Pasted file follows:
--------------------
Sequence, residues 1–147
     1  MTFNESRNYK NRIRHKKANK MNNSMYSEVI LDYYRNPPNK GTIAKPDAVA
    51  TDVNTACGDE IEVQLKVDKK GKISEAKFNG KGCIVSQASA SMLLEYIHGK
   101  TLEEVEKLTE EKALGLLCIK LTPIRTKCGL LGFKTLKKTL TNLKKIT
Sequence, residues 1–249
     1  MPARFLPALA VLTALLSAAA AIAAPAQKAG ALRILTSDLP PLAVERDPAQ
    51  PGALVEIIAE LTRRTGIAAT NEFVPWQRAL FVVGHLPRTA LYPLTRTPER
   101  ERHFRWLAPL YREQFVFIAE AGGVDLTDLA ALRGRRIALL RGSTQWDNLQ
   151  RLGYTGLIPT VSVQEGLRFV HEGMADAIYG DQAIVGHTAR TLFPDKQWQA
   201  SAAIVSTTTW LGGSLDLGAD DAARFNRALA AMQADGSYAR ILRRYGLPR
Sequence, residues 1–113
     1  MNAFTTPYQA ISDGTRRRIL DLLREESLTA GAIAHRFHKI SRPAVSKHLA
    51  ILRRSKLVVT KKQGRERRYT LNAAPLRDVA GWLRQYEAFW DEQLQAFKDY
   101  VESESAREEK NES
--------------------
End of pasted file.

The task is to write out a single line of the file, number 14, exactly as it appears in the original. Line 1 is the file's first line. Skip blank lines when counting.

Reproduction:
   101  VESESAREEK NES